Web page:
My background is in the Humanities – Economics. I’ve always thought it a no-brainer that people and groups working together in networks achieved better results than individuals working alone. At work, my staff rooms have always included colleagues who readily shared and assisted each other – despite regular philosophic and political differences. Learning was truly about the ability to create and navigate networks (thanks George) – our working definition of Connectivism.

Recently, the Vocational Education sector in Australia has seen a seismic shift in the nature of its networks. Legislation and some managerial practices have encouraged a paradigm of competition and commercialisation between our Registered Training Organisations. One of the outcomes has been the dismantling and discouragement of many of the effective networks we relied upon and the subsequent need to re-create these in different formats for different purposes. Stephen’s outline of “Learning Networks – Theory and Practice” tells us this growth and change is essential, as networks can’t be controlled and the democratic processes need to take their course to allow the participants to learn how to tap into this distributed knowledge.

It’s intriguing to watch the range of networks in operation- those that are “officially” sanctioned and those which spring up as professionals see the need.

Another outcome has been the unwillingness of some to share their resources and ideas as this may give an advantage to a competitor and therefore lead to a loss of students. All of this at a time when the infrastructure and the tools exist to enhance and improve the sharing that we have used successfully for a long time.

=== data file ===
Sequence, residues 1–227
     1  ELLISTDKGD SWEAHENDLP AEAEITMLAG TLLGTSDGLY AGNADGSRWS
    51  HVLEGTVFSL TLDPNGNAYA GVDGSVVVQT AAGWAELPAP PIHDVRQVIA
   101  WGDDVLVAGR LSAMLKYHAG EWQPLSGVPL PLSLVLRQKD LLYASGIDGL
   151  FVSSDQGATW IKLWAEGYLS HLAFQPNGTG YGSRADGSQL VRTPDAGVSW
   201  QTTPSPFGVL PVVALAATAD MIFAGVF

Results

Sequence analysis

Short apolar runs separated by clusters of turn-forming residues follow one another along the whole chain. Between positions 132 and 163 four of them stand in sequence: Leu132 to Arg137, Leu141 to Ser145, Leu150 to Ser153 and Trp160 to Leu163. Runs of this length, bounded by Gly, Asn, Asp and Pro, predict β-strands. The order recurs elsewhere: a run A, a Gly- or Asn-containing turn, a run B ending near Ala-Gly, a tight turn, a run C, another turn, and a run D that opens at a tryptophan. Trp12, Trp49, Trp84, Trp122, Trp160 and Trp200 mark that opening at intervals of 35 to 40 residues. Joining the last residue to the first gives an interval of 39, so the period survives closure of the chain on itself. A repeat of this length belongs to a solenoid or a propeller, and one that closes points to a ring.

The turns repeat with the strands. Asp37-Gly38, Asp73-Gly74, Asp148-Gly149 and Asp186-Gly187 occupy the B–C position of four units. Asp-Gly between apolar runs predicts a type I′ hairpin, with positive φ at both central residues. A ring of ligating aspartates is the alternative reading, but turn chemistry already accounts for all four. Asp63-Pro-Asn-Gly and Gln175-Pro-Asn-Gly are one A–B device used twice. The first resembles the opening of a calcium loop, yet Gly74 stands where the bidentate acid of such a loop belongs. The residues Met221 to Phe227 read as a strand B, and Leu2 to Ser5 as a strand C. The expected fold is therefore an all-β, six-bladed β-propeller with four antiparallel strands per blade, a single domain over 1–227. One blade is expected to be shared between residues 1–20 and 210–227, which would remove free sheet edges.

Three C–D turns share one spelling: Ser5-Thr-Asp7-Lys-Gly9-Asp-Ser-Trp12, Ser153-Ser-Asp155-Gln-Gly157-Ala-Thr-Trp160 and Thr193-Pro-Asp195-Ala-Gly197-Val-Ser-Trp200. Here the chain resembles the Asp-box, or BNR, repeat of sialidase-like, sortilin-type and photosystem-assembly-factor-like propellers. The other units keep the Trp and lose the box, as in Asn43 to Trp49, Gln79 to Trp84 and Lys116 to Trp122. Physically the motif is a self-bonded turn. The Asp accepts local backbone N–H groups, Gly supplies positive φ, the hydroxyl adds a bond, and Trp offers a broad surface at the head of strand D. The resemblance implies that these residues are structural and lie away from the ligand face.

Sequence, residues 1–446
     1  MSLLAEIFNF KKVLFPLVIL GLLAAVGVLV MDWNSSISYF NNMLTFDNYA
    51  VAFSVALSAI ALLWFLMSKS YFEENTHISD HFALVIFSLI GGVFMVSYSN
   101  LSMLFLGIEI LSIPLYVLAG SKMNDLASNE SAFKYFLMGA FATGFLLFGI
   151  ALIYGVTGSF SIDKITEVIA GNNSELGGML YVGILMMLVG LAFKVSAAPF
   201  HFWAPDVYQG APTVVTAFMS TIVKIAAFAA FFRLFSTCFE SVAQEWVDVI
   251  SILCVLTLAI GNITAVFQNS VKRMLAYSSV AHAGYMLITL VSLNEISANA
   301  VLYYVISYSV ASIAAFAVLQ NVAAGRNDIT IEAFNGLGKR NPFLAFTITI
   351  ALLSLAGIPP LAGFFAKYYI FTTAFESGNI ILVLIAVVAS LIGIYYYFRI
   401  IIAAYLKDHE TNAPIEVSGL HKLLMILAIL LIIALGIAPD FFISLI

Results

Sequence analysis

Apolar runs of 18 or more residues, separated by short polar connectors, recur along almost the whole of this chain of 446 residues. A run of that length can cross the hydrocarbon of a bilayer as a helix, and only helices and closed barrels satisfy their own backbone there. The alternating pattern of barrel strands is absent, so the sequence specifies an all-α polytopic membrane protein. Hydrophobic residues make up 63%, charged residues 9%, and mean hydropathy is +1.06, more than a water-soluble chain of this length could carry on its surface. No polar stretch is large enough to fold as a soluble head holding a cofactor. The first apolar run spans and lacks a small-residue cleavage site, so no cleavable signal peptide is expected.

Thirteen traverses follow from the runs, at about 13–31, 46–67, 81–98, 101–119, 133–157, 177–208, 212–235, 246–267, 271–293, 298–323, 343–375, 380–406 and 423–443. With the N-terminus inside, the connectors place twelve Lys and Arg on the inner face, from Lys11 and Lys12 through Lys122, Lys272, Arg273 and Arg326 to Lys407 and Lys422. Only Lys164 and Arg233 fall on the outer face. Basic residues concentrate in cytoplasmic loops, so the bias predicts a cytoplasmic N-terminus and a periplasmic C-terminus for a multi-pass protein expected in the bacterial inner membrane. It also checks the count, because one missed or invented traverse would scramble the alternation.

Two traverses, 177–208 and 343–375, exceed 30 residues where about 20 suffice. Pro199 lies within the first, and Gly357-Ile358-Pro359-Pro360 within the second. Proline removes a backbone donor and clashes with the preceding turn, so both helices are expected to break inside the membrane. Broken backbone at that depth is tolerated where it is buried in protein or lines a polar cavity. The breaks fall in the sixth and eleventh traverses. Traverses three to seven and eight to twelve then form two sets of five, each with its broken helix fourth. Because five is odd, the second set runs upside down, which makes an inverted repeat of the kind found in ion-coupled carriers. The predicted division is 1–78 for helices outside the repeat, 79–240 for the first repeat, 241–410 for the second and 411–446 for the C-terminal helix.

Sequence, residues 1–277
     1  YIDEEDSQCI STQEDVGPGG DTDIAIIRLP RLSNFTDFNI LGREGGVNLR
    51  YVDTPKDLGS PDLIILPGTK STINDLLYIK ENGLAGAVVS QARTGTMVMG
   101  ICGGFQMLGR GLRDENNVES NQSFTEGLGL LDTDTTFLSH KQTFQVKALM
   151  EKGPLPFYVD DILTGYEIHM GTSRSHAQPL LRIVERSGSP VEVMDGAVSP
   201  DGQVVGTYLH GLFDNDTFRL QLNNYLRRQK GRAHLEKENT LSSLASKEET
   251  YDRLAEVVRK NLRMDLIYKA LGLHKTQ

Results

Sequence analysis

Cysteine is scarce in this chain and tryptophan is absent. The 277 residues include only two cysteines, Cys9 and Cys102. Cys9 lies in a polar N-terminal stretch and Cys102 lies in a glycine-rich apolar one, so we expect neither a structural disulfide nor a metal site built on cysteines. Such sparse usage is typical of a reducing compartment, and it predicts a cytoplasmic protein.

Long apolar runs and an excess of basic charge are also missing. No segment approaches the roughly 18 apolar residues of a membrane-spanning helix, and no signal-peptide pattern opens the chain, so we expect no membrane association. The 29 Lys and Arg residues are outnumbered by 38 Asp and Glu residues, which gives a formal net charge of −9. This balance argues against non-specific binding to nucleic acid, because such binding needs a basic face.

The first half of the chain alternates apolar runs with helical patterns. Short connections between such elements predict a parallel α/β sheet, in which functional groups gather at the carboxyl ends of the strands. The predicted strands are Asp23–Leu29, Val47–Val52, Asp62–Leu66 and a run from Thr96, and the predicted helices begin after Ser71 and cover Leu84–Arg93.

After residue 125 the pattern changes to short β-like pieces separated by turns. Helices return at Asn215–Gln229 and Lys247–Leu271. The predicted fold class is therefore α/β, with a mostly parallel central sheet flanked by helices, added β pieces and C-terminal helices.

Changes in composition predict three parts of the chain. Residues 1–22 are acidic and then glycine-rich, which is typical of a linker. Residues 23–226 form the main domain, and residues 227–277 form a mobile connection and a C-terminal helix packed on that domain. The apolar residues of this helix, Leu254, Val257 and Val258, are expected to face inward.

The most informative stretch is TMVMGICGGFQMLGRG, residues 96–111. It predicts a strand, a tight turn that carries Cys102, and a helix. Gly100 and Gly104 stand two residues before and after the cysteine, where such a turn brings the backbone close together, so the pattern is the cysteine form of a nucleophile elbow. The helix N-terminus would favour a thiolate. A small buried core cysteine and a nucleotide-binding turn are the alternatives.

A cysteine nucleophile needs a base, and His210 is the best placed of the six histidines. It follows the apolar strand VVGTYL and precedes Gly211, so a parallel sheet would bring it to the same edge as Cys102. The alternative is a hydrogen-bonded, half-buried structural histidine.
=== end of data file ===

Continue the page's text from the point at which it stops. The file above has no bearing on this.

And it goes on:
Speaking of tools, in my readings and research this week I came across a paper from Macquarie University in Sydney. Gibbs and Gosper in “The Upside Down World of E-Learning” outline the way that e-learning and its implementation has been driven by the tools and not by the pedagogy. They assert that many of the early technologies “promote narrow pedagogies – the delivery of content – centric instruction via a transmission model of learning” (p47). Instead the technology needs to lead to “the creation of learning environments and sequences that provide opportunities for multi-user collaborative activities or the co-construction of knowledge – both representative of current learning theory” (p48).”

In one of my recent roles I facilitated a range of professional development activities with teachers outlining to them many of new Web 2.0 and other technology tools available to them. At one point a team of teachers concluded a session by saying “don’t give us choices, just tell what you want us to do”.  Looking forward to exploring this further with some upcoming topics.